TiagoM TiagoM - 1 year ago 105
SQL Question

Does Table-Valued Function (SQL) create table on each call? [performance]

Okay this might sound a noob question, but SQL isn't my really strength, so I am requesting some help here.

I am trying to implement something, but I am concerned about performance issues.

The problem I am trying to fix is something like this:

I have a column with a lot of data separated by commas ","
Something like this: data1,data2,data3,data57

What I need is looping through each piece of data separated by commas for all the records, and then do something with that single piece data, do you get it?

I found a solution that can actually help me, but I am worried about system performance, because I might need to make multiple calls to this function using different parameters!

Does a table is created on each call I made to the Table-Valued Function (UDF) or does the sql server saves it as cache? [maybe I would rather need a temporary table?]

Thank you for your help in advance!

Note: The data is not mine, and I should use it as is, so suggesting to change the database is out of question (however I know that would be the best scenario).
Note2: The purpose of this question/problem is to import initial data to the database, performance may not be a serious problem since it won't run many times, but still I wanna regard that issue, and do it the best way I can!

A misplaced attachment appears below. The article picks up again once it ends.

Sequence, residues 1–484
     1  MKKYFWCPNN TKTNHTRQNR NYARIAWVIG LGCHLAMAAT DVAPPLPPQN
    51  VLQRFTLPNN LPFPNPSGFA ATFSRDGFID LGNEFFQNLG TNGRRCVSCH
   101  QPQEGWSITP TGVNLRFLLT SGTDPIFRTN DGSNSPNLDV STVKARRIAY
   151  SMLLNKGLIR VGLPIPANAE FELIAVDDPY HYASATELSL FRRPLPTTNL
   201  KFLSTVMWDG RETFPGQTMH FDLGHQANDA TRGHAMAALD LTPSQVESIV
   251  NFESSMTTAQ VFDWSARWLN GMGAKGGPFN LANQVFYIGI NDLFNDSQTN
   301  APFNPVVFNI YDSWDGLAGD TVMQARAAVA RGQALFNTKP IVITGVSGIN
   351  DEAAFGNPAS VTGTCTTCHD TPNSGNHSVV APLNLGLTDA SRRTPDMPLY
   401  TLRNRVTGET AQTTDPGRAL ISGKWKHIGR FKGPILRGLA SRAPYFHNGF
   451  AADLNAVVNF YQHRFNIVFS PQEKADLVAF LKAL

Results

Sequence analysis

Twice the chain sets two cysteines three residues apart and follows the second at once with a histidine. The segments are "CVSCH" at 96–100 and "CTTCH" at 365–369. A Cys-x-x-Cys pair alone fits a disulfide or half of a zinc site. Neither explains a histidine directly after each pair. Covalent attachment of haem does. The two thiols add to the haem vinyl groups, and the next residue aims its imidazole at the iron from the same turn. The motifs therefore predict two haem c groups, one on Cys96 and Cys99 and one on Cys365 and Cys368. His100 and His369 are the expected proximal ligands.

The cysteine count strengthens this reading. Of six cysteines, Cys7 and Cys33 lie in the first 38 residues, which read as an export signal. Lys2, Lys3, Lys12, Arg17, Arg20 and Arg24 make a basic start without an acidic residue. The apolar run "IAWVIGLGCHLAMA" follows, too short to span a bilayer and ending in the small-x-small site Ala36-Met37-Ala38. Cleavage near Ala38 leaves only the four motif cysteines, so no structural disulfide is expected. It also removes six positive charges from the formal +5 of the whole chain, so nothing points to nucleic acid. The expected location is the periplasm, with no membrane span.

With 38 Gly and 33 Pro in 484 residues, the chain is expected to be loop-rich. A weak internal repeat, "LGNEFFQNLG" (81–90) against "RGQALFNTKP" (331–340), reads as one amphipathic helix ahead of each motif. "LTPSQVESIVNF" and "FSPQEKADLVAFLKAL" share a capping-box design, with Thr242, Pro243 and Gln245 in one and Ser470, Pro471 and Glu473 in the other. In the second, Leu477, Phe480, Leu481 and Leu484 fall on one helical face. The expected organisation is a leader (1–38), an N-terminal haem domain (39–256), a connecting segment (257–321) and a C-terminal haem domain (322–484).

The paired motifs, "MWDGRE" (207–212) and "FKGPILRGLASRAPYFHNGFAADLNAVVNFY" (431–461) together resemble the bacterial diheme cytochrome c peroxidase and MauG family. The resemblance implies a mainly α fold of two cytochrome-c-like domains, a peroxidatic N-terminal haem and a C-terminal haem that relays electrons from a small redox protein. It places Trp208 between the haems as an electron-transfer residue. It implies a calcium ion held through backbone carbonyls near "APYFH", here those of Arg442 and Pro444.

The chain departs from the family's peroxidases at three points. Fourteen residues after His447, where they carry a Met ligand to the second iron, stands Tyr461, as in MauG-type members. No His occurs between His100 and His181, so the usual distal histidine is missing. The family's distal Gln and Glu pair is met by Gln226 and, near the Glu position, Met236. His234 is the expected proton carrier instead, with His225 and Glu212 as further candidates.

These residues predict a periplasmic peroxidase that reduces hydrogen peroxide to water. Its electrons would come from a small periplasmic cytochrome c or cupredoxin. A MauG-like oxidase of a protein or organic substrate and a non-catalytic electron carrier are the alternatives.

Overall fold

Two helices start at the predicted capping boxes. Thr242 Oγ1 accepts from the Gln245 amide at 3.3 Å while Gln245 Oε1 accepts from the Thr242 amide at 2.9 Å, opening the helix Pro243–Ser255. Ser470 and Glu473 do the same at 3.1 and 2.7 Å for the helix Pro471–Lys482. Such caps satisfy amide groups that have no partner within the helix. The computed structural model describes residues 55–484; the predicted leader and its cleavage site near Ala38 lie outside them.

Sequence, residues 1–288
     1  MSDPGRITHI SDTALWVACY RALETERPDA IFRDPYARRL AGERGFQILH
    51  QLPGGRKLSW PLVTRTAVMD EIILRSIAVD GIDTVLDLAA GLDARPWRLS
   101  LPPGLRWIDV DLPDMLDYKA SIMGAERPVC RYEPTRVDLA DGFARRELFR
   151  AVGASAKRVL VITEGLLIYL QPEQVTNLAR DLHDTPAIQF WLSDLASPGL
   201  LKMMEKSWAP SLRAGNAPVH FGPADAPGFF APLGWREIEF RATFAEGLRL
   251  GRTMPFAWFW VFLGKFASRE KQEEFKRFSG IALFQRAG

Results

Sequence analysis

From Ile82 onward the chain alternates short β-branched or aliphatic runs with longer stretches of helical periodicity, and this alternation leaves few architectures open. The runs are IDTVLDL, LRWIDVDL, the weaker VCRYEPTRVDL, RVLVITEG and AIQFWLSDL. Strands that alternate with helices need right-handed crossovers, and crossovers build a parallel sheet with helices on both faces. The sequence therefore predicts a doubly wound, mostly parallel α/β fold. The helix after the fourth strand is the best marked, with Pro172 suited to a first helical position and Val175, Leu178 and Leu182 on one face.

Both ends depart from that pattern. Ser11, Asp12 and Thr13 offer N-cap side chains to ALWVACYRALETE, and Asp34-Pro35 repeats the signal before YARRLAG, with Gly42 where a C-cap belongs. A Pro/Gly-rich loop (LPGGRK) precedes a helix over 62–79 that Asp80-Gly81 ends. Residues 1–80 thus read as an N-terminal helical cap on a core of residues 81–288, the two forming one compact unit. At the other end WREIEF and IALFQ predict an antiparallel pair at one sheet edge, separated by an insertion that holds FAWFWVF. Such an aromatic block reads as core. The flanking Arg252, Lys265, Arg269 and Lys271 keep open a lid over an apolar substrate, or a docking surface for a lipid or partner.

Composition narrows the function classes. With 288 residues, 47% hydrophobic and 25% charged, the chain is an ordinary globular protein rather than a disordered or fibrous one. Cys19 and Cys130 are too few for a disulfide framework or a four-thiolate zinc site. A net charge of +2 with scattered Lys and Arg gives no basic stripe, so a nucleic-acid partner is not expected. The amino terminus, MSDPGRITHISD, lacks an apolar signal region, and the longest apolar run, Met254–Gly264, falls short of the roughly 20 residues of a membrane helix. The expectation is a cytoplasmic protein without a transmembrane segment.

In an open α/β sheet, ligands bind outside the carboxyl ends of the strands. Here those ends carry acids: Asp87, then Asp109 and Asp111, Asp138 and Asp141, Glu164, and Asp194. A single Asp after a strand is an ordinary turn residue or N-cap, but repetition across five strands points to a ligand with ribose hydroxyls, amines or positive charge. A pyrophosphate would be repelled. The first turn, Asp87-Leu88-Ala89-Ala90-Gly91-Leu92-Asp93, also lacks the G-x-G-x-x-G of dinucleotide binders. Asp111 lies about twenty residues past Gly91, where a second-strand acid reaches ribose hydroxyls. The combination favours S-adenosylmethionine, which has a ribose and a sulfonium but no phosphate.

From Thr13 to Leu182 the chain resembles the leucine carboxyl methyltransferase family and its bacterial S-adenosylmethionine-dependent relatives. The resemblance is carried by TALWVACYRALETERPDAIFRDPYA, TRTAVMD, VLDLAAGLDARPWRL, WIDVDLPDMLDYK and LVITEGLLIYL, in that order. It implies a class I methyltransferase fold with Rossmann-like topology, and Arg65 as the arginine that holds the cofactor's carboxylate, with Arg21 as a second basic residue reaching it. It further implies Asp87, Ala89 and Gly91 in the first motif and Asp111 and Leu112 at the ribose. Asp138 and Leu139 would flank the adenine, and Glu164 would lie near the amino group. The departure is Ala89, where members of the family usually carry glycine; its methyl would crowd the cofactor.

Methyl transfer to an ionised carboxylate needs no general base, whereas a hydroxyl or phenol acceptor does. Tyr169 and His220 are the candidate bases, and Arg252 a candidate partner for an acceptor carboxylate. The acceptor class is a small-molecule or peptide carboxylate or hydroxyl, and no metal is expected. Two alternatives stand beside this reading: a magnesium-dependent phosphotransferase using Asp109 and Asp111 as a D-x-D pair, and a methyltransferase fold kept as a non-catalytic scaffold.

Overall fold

Answer Source

User defined, table-valued functions that are composed of multiple statements, as the one you found is, will create an object in the tempdb system database, populate it and then dispose of it when the object goes out of scope.

If you want to run this multiple times over the same parameters, you might consider creating a table variable and caching the result in that yourself. If you're going to be calling it on different lists on comma-separated values though, there's not a great way of avoiding the overhead. SQL Server isn't really built for lots of string manipulation.

Generally, for one-off jobs, the performance implications of this tempdb usage is not going to be a major concern for you. It's more concerning when it's a common pattern in the day-to-day of the database life.

I'd suggest trying, if you can, on a suitably sized subset of the data to gauge the performance of your solution.

Since you say you're on SQL Server 2016, you can make use of the new STRING_SPLIT function, something like

SELECT t.Column1, t.Column2, s.value
FROM table t

May get you close to where you want, without the need to define a new function. Note, your database needs to be running under the 2016 compatibility level (130) for this to be available, simply running on SQL 2016 isn't enough (they often do this with new features to avoid the risk of backwards-compatibility-breaking changes).

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